Poland’s history on one page

07-04-2009 15:26:30
In the article I would like to recommend to you, I am trying to do the impossible. I am trying to outline Poland’s history on just one page. On one hand, it is difficult to treat such an attempt seriously, but, on the other hand, such a frivolous text may arouse in the reader genuine interest in the topic which has just been touched upon, which I quietly hope for.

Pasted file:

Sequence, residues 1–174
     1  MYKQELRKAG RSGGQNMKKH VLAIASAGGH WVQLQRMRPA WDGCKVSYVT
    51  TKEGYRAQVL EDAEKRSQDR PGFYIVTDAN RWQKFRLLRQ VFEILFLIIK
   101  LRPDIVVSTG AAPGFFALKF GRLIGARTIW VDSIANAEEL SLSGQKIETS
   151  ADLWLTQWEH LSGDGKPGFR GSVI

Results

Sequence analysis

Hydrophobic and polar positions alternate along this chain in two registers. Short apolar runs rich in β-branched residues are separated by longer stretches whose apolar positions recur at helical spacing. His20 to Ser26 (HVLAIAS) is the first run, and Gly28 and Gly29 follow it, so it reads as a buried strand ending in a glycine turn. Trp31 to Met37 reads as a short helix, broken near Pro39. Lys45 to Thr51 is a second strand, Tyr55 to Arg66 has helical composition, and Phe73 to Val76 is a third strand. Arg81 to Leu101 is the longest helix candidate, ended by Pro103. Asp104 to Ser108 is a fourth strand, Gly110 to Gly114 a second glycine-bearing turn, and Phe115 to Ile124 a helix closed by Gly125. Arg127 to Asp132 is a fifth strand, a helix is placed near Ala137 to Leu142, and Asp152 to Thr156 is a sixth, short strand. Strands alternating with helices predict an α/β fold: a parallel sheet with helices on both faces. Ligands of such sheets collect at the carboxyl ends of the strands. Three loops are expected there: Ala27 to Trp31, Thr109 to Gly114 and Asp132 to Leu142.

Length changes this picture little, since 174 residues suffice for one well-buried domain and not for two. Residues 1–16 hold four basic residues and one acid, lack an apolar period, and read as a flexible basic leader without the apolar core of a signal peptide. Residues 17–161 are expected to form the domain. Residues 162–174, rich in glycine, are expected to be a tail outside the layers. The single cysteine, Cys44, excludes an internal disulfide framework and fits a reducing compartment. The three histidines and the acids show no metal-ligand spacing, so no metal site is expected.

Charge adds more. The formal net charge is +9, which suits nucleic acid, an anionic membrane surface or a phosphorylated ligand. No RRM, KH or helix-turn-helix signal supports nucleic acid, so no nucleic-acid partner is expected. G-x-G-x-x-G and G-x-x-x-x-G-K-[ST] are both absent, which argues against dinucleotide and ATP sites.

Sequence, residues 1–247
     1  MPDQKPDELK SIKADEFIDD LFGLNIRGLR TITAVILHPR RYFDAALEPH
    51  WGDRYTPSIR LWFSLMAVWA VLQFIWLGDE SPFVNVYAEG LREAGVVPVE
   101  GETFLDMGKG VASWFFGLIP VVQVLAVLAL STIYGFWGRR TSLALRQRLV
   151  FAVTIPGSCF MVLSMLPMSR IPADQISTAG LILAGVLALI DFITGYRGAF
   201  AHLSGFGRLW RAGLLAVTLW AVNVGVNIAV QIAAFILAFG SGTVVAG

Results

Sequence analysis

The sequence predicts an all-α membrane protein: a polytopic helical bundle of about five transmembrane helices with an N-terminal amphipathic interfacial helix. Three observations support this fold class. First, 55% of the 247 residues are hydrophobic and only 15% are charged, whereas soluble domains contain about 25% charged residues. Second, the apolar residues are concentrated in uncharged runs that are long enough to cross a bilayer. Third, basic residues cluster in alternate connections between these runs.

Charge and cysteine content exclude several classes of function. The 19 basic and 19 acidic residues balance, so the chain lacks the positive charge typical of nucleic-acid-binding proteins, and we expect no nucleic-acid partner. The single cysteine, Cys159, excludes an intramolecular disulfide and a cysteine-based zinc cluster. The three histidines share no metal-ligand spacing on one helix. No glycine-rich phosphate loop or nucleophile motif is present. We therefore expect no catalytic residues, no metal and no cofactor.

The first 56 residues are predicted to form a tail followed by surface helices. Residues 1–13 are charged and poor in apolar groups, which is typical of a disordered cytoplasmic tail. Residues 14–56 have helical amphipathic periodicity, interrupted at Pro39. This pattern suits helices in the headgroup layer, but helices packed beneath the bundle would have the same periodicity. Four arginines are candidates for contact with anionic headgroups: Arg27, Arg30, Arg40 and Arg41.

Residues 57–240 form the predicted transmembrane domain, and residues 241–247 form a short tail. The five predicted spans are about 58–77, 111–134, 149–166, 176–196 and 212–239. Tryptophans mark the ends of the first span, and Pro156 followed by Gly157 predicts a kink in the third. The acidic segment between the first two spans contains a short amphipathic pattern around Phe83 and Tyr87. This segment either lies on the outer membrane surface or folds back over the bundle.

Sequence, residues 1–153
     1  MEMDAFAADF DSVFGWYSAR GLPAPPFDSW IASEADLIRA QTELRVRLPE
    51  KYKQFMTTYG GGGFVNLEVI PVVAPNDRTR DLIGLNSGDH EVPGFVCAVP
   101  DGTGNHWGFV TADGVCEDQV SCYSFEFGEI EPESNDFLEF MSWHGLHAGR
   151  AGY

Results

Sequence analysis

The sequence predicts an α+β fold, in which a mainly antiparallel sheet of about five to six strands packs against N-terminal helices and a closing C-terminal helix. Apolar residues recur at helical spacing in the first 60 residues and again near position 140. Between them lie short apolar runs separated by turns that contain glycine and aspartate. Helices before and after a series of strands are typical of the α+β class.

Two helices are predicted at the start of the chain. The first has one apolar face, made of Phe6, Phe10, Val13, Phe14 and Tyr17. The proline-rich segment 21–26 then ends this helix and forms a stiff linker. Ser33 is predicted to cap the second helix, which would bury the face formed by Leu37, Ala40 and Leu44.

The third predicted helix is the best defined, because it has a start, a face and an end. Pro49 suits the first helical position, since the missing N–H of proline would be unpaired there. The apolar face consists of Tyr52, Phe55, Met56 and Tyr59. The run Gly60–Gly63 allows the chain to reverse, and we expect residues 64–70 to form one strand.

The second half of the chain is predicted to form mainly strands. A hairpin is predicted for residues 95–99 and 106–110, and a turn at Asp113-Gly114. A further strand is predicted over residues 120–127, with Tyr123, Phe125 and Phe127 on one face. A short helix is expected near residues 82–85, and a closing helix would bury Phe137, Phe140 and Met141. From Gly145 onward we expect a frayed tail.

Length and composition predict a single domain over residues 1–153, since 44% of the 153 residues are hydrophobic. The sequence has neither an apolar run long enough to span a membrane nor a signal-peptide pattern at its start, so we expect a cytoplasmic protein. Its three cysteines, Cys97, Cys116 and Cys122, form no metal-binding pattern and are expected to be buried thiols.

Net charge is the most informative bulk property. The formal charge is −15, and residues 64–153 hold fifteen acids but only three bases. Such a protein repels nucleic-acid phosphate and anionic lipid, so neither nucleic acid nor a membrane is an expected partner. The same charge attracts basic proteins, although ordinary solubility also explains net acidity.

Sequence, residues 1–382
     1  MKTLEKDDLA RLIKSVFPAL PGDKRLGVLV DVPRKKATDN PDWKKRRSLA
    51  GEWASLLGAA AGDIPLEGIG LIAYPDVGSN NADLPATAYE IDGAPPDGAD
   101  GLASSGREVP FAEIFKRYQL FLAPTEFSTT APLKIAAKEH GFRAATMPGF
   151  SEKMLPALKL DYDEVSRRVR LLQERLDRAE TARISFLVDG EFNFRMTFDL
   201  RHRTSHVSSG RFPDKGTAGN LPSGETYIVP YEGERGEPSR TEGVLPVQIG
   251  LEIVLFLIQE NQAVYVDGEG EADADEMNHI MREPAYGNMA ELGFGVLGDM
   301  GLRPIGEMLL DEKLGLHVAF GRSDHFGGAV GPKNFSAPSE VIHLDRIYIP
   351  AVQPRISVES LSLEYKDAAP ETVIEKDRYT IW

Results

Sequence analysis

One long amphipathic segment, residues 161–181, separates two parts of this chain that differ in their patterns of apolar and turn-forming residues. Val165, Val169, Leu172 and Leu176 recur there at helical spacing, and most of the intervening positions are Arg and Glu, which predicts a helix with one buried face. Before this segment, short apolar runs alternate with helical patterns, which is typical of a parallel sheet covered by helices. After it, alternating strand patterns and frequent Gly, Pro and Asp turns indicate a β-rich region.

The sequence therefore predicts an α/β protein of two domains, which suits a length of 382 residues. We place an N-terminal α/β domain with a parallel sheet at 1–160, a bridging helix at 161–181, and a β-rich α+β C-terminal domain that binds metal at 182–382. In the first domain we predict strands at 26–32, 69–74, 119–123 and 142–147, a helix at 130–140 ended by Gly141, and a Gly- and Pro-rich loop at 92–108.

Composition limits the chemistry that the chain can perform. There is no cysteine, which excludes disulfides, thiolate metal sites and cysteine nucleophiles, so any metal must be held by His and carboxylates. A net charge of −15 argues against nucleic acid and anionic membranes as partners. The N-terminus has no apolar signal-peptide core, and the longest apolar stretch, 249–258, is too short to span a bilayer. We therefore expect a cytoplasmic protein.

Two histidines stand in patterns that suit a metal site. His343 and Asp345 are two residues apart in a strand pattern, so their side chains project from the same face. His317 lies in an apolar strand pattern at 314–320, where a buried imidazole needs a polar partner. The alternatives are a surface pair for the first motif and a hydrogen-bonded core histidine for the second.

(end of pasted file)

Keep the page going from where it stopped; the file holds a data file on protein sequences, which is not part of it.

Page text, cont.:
The year 966, when Poland accepted Christianity and became a fully-recognised European country, is considered to be the beginning of the Polish state. Historians are unanimous that the main factor which influenced Poland’s history from that time on as well as the way in which its identity was shaped was its geographical location. Poland is situated in the very centre of Europe - between the West and the East. The significance of this location has been interpreted in numerous ways. On some occasions, Poland was treated as the bulwark of the West, on others, as the bridge between the West and the East. Although, since the very beginning, Poland’s statehood developed under the influence of Latin, i.e. western culture, it has to be emphasised that eastern influences were equally strong. Over the years, Poland looked towards the East more and more. This tendency culminated in the 16th century, when Poland formed a union with Lithuania, its eastern neighbour, as a result of which a vast multinational country was created. On one hand, that moment became the manifestation of the Polish state’s power: At that time, the Jagiellonian dynasty was one of the most important royal families in Europe, since 1364 a university had been operating in Kraków, Poland maintained active scientific and cultural contacts with the leading Renaissance centres in Europe, enjoyed military successes and had a really sound economy based on farming. On the other hand, however, during the time of prosperity the balance was upset. Poland gradually began to turn its back on the West. What constituted its strength for the whole centuries started to be the burden, and the modernisation tendencies significantly weakened. Dynamic development of cities, increase in the importance of the bourgeoisie, reformation, gradual decrease in the importance of farming, that is the changes which have contributed to the shaping of the modern identity of the Western Europe, ceased to reach Poland. Although Polish gentry enjoyed a specific form of democracy and numerous privileges itself, it did not even consider giving up its feudal privileges. It believed that the old order will remain the guarantor of prosperity and safety forever. The bourgeois and farmers, that is the vast majority of society, were effectively marginalised by the gentry. Additionally, the political situation in Europe had changed. New superpowers were being born. In the east, Russia was slowly becoming powerful. In the west and north, Prussia was stronger and stronger, whereas in the south, Austria. The absence of reforms, as well as the economic, military and social collapse of Poland enabled the neighbouring superpowers to easily conquer it, as a result of which in the second half of the 18th century Poland lost independence, and its land was partitioned among three completely different countries. The differences were so significant that they influence individual regions of Poland even today. Poles’ national identity underwent a difficult test. Thanks to great intellectual and spiritual effort, Polish culture managed to develop a new type of national identity, which was not connected with territorial and politically independent sovereign state. At that time, Poland did not exist as a state, but Polish culture, which became an alternative for political sovereignty, flourished. Poles learnt to live against the existing order. Since then, being a Pole was tantamount to being against and being outside the official order. The cultural development, which took place mainly among émigrés, was accompanied by military uprisings in Poland. All of them failed and became the symbol of national sacrifice, but enfeebled society. Poland regained independence as late as after the WW I, thanks to pragmatic politics which was, this time, supported by effective military operations. Poland started reforms. They were not easy – they were accompanied by political turbulence, e.g. coup d'etat and the Polish-Bolshevik war won by the Poles. Nevertheless, the country’s situation was gradually improving. Unfortunately, Poles could not continue the reforms. In 1939, Poland was attacked first from the west by Germany, and then from the east by the Soviet Union. Due to the passivity of the western allies, the Polish army was defeated, and the country lost independence again. Despite the fact that Poland contributed to the allies’ military victory, it did not mean independence for the Poles. Under the new political arrangements, Poland became part of the Soviet sphere of influence. The communist era started in Poland. The system gradually evolved. Initially, it was extremely brutal, but after Stalin’s death there was a thaw and the situation in Poland started slowly to change - the regime became less brutal, but people were still killed, and the independent thought was consistently suppressed. The political changes were forced by social discontent caused by economic reasons. In fact, workers protested against poverty, not against communism. Not many people understood that the poverty did not result from mistakes of concrete individuals but from the communist system as such. The protests were gradually joined by intellectuals. Over time, the cooperation between workers and intellectuals became closer and led to the establishment of Solidarity. Solidarity is still a trade union, but in the communist system it was primarily the first organisation which was independent of the communist authorities. The movement was supported by people who had radically different visions of Poland’s future development. This was due to the fact that Solidarity was the protest movement and did not have positive, constructive agenda – which was proved after the first democratic elections, when former friends who fought the common enemy turned out to be opponents in the political debate of the already independent Poland. Toppling communism in Poland was bloodless. There were no riots – the wave of strikes and the economic collapse which was irreparable in the command economy forced the communists to negotiate. During the conference called the Round Table, the communists worked out with the opposition the conditions for handing over power. The compromise was, undoubtedly, a success. It, to some extent, eliminated the ill fate that always dogged Poland - the need to be against. Unfortunately, there was a price to be paid for the compromise. People who, over the years, profited from communism, which was, undoubtedly, a criminal system in Poland, gained access to political and economic life in democratic Poland. Communism’s victims have found it very difficult to accept. Therefore, communism still hangs over the social and political life in Poland, but it cannot obscure the fact that the last 20 years have been the period of great prosperity for the country and society. Poles’ standard of living is improving fast, and they have to define their place in Europe again. Nevertheless, Poland will always remain a country between the West and the East. The question as to whether it will be able to skilfully benefit from this location is still open.